The first edition of the Future of Film festival took place a few days ago at the BFI in London. There were keynotes by Alex McDowell (Creative Director on Minority Report) and Tim Webber from Framestore. One of the topics that kept coming up throughout the talks is the challenge of content diversity and how technology can enable stories that couldn’t be told before.
The film business is like any form of product-market fit: past successes are benchmarks and because budgets are so high little risk is taken, resulting in products that rarely differentiate or are just iterations of previous products.
Making movies is still very expensive, even though Computer Generated Images can enable one to make a movie without the need for actors, tools require learning and experience which is costly. If only the major studios (Universal, 20th century Fox, Disney, etc…) can afford to make a movie then only these guys have control over the content we consume.
So what are the possible solutions to avoid the major studios' dictatorship?
Technology can empower storytellers
One of the points developed by Tim Webber during his keynote at the Future of film was that the advance of technology enables stories that couldn’t be told before. For example, the movie Gravity was only possible by making the entire movie in Virtual Production and then using LED screens to capture actor performances with accurate lighting.
As these technologies become easier to use and cheaper, storytellers around the world will be empowered to pioneer new stories.
Virtual Production, which enables storytellers to create a movie with essentially virtual resources, at low cost, failing-early and fast save money and time later on in production.
Accessible real-time rendering technologies are already here with Unreal Engine and Unity Engine. Input technology, which is the interfaces with which we interact with the digital has been restricted to keyboard and mouse for the past 50 years. Virtual Reality technology is becoming drastically more accessible (price and ease of use). At the Future of Film, Double Negative was demoing their Virtual Reality scouting tool which enables film directors to go on set virtually and test things, failing and learning early on in the process.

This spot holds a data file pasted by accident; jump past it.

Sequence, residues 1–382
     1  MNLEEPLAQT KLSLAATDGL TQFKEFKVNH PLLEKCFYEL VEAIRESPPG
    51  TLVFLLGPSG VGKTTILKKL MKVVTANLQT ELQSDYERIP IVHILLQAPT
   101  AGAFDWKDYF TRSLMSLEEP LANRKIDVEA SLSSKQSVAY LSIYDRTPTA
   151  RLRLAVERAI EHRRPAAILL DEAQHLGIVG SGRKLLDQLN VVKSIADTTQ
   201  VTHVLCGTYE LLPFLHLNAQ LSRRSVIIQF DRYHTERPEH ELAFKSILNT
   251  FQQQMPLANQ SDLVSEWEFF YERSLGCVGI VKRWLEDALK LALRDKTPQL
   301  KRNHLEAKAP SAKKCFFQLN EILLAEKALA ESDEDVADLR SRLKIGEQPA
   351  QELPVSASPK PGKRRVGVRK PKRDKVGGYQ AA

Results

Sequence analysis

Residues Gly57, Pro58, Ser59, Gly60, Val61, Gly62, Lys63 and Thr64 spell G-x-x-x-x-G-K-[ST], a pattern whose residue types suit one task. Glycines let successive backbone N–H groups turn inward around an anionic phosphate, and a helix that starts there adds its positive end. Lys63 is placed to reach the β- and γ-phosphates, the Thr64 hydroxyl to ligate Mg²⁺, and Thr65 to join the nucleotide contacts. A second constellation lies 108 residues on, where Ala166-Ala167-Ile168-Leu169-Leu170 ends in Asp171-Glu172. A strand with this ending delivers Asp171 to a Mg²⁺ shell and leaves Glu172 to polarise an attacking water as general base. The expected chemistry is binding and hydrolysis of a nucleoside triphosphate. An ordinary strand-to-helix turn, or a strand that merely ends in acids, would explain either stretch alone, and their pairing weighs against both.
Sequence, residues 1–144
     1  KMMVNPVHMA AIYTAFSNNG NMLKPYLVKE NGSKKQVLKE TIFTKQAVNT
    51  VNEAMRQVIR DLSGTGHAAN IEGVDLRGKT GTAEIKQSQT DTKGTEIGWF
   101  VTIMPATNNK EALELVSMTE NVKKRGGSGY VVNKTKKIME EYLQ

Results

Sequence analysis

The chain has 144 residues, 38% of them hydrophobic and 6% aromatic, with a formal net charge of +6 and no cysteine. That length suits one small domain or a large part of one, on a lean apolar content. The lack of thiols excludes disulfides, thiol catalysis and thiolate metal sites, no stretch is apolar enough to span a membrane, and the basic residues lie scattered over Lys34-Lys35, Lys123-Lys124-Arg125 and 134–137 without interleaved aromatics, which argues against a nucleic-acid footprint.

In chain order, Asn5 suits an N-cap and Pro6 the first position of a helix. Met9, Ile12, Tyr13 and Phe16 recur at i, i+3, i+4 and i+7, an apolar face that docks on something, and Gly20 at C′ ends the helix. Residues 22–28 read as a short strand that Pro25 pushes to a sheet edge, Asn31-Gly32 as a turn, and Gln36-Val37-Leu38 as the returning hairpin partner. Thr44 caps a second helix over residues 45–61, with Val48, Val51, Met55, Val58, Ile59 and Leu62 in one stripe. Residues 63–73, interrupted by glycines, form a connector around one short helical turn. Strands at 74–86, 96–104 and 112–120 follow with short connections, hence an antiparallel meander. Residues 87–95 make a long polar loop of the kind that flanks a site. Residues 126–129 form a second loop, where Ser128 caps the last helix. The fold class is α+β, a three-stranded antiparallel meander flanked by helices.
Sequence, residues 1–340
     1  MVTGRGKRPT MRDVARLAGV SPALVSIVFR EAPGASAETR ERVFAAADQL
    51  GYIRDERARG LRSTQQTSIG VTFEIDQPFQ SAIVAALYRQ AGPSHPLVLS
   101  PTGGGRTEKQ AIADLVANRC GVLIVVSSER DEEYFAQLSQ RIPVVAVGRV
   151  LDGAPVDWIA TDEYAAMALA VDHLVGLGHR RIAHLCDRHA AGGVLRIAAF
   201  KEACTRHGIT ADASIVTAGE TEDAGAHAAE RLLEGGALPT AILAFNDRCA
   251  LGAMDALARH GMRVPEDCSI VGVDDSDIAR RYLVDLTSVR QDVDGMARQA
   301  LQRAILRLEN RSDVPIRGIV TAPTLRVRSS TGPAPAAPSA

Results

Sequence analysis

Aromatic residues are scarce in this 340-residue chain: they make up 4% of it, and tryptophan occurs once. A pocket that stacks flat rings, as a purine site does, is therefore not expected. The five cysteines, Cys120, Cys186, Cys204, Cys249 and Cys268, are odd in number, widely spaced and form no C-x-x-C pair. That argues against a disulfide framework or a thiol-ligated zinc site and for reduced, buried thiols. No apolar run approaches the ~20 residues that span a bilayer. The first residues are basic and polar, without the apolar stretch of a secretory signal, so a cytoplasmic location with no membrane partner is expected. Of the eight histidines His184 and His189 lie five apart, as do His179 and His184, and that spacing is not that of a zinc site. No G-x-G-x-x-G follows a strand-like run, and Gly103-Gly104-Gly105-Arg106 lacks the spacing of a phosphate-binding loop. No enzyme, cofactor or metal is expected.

Other Virtual Production methods make use of Augmented Reality technology, like Unreal Virtual camera plugin:
Most of these examples are making use of available technology in our phones for example. One technology that has specifically been developed for virtual production is Kodama’s XR-mouse which enables manipulation of the digital through tangible proxy objects “reducing the barriers between imagination and creation”:
It goes without saying that streaming platforms like Youtube have already started to give a voice to independent creators with limited or no budget, and thanks to that, we’ve already seen many new media formats that are thriving.
So with new 3D inputs making it intuitive and more accessible to create in 3D, will the streaming revolution phenomenon happen to the industry of Animated films?
In a future where we could instantly transform our imagination into high-quality movies by just snapping our fingers? Then anyone would have the freedom to share their unique vision and story!
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